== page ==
Purple Opal Basil stuns with gorgeous purple leaves that add color to every dish. A great addition to your pollinator garden once it flowers!
Organic Purple Opal Basil Seeds
8 in stock
8 in stock
Purple Opal Basil stuns with gorgeous purple leaves that add color to every dish.
Planting by Zones
- Basil is a tasty warm season crop that can grow from early spring until late fall.
- Sow seeds 4-6 weeks before the last frost.
Planting Basil Seeds
- Basil seeds can be direct sown or transplanted. Regardless of how you begin, seeds should be planted into well-worked moist soil that is free of debris. Basil seeds are small and should be covered with finely sifted soil for the best results.
- If you are starting Basil in starter pots to transplant out, plant seeds on the top of moist high-quality seed starting soil and cover with 1/4” of finely sifted soil.
- If you are direct sowing the seeds, make sure you sow them in thoroughly moistened soil. Basil thrives in full sun locations. Follow the same directions as above. Seeds must remain moist to germinate evenly and quickly.
- Once the seedlings have germinated and have a first set of true leaves be sure to fertilize regularly with an organic liquid fertilizer.
- Thin and space Basil plants to at least 8” apart.
- Basil is incredibly easy to grow. Plant your transplants out in the garden when they are 4-5” tall. Make sure you space them at least 4” apart. If you direct sow your seeds, thin accordingly. The thinned plants can be transplanted to another area of the garden.
- Keep your plants weed-free by pulling any weeds that may compete with your Basil.
Succession Planting Basil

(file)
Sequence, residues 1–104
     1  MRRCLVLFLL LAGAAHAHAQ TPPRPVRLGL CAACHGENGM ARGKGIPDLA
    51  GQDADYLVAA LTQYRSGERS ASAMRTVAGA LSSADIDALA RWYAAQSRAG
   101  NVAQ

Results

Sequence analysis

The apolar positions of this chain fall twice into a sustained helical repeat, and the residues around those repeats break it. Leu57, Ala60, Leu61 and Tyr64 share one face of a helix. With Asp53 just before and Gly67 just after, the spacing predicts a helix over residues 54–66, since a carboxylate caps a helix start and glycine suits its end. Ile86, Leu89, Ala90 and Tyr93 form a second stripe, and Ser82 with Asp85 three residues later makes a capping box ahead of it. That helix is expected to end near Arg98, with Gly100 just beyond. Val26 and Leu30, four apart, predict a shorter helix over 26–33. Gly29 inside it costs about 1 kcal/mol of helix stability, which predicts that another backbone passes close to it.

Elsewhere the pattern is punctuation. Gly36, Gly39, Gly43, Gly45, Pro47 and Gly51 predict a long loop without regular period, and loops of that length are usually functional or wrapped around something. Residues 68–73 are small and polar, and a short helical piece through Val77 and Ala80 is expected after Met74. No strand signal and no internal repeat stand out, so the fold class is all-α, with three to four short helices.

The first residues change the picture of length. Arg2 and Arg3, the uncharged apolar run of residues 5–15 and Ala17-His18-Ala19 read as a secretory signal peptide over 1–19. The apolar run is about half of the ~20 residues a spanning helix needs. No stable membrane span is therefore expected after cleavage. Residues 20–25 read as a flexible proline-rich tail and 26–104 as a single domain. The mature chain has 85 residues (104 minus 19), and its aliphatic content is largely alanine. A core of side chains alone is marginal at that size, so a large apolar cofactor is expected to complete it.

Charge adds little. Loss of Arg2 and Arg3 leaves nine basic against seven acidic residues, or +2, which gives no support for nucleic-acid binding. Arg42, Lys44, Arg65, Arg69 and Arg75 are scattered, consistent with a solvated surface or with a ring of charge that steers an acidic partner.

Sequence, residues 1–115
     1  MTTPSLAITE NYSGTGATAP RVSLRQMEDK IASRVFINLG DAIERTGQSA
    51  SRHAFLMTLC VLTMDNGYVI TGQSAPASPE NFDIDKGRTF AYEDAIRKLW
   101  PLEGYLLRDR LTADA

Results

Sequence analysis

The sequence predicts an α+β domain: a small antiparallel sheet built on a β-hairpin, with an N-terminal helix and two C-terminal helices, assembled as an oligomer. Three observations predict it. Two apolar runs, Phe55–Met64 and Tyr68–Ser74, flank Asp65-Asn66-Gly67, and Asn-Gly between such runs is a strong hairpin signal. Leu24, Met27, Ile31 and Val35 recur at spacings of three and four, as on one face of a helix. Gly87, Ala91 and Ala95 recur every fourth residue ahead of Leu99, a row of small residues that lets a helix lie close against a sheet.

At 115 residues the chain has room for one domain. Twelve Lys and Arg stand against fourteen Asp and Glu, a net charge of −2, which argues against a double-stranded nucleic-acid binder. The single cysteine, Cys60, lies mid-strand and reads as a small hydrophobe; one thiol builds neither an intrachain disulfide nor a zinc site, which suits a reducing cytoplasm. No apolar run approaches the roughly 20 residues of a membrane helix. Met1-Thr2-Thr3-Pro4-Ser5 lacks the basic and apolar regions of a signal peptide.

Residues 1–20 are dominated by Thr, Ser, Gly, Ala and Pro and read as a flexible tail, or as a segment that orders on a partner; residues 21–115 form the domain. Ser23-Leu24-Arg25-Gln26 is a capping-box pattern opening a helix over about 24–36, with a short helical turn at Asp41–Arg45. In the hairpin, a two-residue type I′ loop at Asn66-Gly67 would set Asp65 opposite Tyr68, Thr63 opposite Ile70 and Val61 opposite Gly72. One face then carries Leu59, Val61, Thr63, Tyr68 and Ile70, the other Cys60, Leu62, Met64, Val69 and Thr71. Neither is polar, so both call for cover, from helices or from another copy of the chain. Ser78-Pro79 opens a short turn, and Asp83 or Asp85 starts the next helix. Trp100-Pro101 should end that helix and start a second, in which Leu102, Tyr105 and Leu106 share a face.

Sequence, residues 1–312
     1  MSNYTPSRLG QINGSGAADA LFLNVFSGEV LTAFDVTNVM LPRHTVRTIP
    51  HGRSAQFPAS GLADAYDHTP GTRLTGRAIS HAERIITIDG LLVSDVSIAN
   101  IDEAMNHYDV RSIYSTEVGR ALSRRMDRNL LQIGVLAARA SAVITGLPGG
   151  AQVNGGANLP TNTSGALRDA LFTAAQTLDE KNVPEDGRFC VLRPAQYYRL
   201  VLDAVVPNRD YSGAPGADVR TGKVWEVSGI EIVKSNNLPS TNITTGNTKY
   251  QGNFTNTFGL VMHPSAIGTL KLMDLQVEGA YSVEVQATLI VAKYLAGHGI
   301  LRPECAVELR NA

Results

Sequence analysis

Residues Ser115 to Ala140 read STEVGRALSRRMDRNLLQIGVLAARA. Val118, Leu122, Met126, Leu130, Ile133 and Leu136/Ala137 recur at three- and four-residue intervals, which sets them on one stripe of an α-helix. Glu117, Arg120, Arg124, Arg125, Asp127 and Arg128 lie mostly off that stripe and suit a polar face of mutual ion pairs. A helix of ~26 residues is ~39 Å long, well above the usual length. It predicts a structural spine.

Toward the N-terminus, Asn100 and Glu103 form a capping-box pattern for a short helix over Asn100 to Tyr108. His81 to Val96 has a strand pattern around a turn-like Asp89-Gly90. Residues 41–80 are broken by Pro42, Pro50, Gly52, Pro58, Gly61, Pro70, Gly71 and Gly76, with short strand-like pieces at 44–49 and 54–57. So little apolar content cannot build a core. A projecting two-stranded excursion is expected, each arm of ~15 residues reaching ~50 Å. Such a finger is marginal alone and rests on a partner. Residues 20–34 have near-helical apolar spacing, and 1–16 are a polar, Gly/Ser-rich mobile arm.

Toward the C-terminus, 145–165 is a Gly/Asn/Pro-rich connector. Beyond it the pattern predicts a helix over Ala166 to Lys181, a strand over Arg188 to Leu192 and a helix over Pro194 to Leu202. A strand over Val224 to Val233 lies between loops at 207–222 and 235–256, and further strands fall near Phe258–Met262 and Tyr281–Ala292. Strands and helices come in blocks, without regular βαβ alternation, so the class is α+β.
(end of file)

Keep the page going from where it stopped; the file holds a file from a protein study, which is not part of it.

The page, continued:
- If you enjoy large amounts of Basil, succession planting is a good idea. Start a new round of seeds every 14 days.
Growing Basil in Containers
- Basil is an excellent container crop. If you are planting Basil in containers, make sure your container is at least 10” deep. Keep in mind containers will dry out faster because they have more surface area and less soil to hold onto moisture.
- The key to happy Basil is to use it! Trimming Basil back often will slow its desire to go to flower. Harvest Basil often by cutting the top 1/4” of the plant.
Southern California Pro-tips
- In areas of Zones 9 and 10, Basil is a very easy crop that will give you delicious foliage well into the fall.
- Prune heavily in late summer to get another flush of foliage in the fall.
- Mulch heavily around your Basil plants to ensure the soil does not dry out or heat up too much. Compost added to the soil at the time of planting will help retain moisture in the soil during hot, dry weather.
- During our hottest months of August, September and October, plants can suffer from the heat. During this time using shade cloth can help protect the plants from extreme heat.
- Basil is an herb that is also very ornamental when it goes to flower. Interplanting Basil with your flowers is a great way to utilize space and create a beautiful and edible garden. Basil looks particularly beautiful planted with alyssum and nasturtium. Basil may be interplanted with tomato and cucumber crops.
Additional Learning Resources
- New to starting crops from seeds? Please watch our Seed Starting Presentation to learn the basics!
- Learn about growing all our crops on our YouTube page!
Having pest issues? Check out the in depth information for pests that can be an issue for Basil at the UC Integrated Pest Management site.
Packet, 1 ounce, 14 grams